• 4.6. Artificial neural networks
    • 4.7. Bayes’ theorem and naïve bayes methods
    • 4.8. Methods for sequential data
    • 4.9. Introduction to natural language processing
    • 4.10. Further reading
  • Chapter 5: Software for Patient Care Versus Software for Clinical Research Support: Similarities and Differences
    • Abstract
    • 5.1. Introduction
    • 5.2. Similarities between EHRs and CSDMSs
    • 5.3. EHRs are specialized for clinical care and workup
    • 5.4. CSDMSs: study participants (subjects) are not necessarily patients
    • 5.5. Study protocol: overview
    • 5.6. Configuration information
    • 5.7. Recruitment and eligibility
    • 5.8. Study calendar
    • 5.9. Multiinstitutional or multinational research scenarios
  • Chapter 6: Clinical Research Information Systems: Using Electronic Health Records for Research
    • Abstract
    • 6.1. Biospecimen management systems
    • 6.2. Grants management systems
    • 6.3. Clinical research workflow support systems
    • 6.4. Clinical study data management systems
    • 6.5. Using EHRs for research
    • 6.6. Effective interoperation between a CSDMS and EHR-related software
  • Chapter 7: Computer Security, Data Protection, and Privacy Issues
    • Abstract
    • 7.1. Security basics
    • 7.2. Special concerns related to personal data
    • 7.3. Protecting data
    • 7.4. Institutional preparedness
    • 7.5. HIPAA matters: calibrating the level of privacy to the level of acceptable risk
    • 7.6. A primer on electronic intrusion
    • 7.7. State of healthcare systems with respect to intrusion resistance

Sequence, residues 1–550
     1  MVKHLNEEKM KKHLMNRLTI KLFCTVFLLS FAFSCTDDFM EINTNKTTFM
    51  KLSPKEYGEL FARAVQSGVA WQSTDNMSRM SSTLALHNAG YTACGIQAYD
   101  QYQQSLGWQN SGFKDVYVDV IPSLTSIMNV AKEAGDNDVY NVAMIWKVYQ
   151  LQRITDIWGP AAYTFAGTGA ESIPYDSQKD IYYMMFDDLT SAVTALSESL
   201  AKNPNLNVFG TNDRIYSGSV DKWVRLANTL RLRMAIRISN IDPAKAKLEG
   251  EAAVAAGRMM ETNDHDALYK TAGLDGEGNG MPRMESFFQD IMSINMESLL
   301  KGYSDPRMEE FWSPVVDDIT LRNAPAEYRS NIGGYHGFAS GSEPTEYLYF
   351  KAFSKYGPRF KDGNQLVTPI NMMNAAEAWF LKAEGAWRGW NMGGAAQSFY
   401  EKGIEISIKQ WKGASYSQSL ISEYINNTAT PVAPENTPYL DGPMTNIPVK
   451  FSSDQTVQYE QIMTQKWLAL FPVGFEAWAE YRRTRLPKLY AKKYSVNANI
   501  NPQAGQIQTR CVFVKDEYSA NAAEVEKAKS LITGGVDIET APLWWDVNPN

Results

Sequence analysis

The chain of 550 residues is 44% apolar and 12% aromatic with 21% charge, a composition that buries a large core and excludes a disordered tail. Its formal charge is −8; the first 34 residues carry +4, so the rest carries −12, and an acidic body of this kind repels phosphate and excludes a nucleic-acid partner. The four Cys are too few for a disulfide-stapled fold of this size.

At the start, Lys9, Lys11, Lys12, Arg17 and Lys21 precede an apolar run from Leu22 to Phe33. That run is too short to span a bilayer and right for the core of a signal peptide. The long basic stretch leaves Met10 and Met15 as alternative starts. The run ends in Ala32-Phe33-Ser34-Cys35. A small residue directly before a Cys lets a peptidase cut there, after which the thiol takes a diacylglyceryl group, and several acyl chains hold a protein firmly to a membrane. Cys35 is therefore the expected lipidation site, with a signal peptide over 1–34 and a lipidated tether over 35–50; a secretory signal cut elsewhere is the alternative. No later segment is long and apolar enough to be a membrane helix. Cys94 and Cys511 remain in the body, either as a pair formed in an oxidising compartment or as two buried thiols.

• 7.8. Role of the US government
  • Chapter 8: Mobile Technologies and Clinical Computing
    • Abstract
    • 8.1. Introduction
    • 8.2. Uses of mobile devices: historical and recent
    • 8.3. Applications in biomedical research
    • 8.4. Limitations of mobile devices
  • Chapter 9: Clinical Data Repositories: Warehouses, Registries, and the Use of Standards
    • Abstract
    • 9.1. Introduction
    • 9.2. Operational data store
    • 9.3. Data warehouses and data marts
    • 9.4. Clinical registries
    • 9.5. Encoding data prior to warehousing: standardization challenges
    • 9.6. Relationships between healthcare IT and health informatics groups
  • Chapter 10: Core Technologies: Data Mining and “Big Data”
    • Abstract
    • 10.1. Introduction
    • 10.2. An overview of data-mining methodology
    • 10.3. Limitations and caveats
    • 10.4. The human component
    • 10.5. Conclusions
    • 10.6. Additional resources for learning
  • Chapter 11: Conclusions: The Learning Health System of the Future
    • Abstract
    • 11.1. Introduction
    • 11.2. Origin and inspiration for the LHS proposal
    • 11.3. Challenges of KM/BPR for US healthcare
  • Subject index

Details

No. of pages:
240
Language:
English
Copyright:
© Academic Press 2016
Published:
Imprint:
Academic Press
eBook ISBN:
9780128031452
Paperback ISBN:
9780128031308

About the Author

Prakash Nadkarni

Dr. Nadkarni has been working in the field of biomedical informatics since 1989, with over 100 peer-reviewed publications in the field. He is the lead developer of TrialDB, an open-source clinical study data management system, which is used at multiple locations nationally and internationally. He is an Associate Editor of the Journal of the American Medical Informatics Association (JAMIA) since 2005, and was elected Fellow of the American College of Medical Informatics (ACMI) in 2002.

Affiliations and Expertise

Research Professor, University of Iowa School of Medicine, Iowa City, IA, USA